The trial of disgraced former Senator (he coulda been a contender!) John Edwards, who is accused of breaking campaign finance laws, is well underway, and there are, as to be expected, nuggets both titillating and shameful coming forward. There are also, as to be expected, more questions to be asked.
But first, a question: We are supposed to almost feel sorry for Edwards, now, right? That's why we've gotten the sad tales of how he sits alone in his house in North Carolina, the house he shared with Elizabeth, who died of cancer in 2010. He's pretty much socially (don't even start with politically) shunned, and his love affair with Rielle Hunter has turned bitter. That's why we see, in photos, he's strained of face, sad around the eyes, maybe even a bit haunted. He's generally with his daughter, or mother—nurturing protective forces, you'd guess. He is a shell, you could say, of the big-grinning glad-hander we used to know. But as soon as you start to feel at all sorry for him (and, really, don't), you get a story like the one in Wednesday's New York Post written by Tara Palmeri. A blast from the past, if you will: And, yes, these are the things that come out in a trial over what was done way back in 2008, when John Edwards was, by appearances anyway, quite a different man, and campaigning for the Democratic presidential nomination.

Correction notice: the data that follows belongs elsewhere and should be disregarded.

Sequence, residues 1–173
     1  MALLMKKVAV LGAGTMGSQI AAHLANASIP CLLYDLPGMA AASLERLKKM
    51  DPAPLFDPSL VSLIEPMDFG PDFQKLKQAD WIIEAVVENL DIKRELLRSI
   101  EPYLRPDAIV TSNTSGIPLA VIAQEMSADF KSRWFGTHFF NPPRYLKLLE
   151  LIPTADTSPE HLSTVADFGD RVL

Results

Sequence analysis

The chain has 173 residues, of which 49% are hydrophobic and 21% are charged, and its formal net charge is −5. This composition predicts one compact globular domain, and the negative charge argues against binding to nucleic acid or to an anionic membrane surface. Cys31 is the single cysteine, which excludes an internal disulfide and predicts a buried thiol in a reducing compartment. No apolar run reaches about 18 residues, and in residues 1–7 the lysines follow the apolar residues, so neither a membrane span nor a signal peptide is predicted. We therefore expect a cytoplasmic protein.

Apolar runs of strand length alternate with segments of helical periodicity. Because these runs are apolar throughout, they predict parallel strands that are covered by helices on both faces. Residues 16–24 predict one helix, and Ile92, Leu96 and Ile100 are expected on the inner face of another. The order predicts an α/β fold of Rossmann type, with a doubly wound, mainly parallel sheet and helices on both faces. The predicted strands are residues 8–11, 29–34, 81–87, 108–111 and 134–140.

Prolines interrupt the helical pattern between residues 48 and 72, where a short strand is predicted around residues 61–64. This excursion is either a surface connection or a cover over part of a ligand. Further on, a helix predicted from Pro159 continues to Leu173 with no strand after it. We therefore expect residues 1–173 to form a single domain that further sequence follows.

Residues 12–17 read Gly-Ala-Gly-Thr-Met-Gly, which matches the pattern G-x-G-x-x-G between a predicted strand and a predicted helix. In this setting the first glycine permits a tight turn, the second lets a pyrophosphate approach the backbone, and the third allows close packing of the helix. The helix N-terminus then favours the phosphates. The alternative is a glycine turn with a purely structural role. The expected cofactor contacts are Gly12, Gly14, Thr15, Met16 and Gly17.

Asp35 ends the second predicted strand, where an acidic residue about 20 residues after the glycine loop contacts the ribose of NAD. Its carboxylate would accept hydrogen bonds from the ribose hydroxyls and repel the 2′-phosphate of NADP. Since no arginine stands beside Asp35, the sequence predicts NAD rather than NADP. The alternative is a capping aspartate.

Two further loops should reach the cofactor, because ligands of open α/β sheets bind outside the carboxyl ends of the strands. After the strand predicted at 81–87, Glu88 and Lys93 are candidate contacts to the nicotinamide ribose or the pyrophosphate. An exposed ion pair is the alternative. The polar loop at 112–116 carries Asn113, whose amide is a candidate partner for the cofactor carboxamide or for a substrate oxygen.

As for that trial and what's at stake: Edwards could lose his law license and get up to 30 years in jail if convicted. The prosecution's basic requirement is to show that Edwards knew that money he received from Bunny Mellon and the late Fred Baron counted as campaign contributions, and that he broke the law in full awareness. But the micro of what's happened at the trial thus far is much sleazier, and the facts more complicated.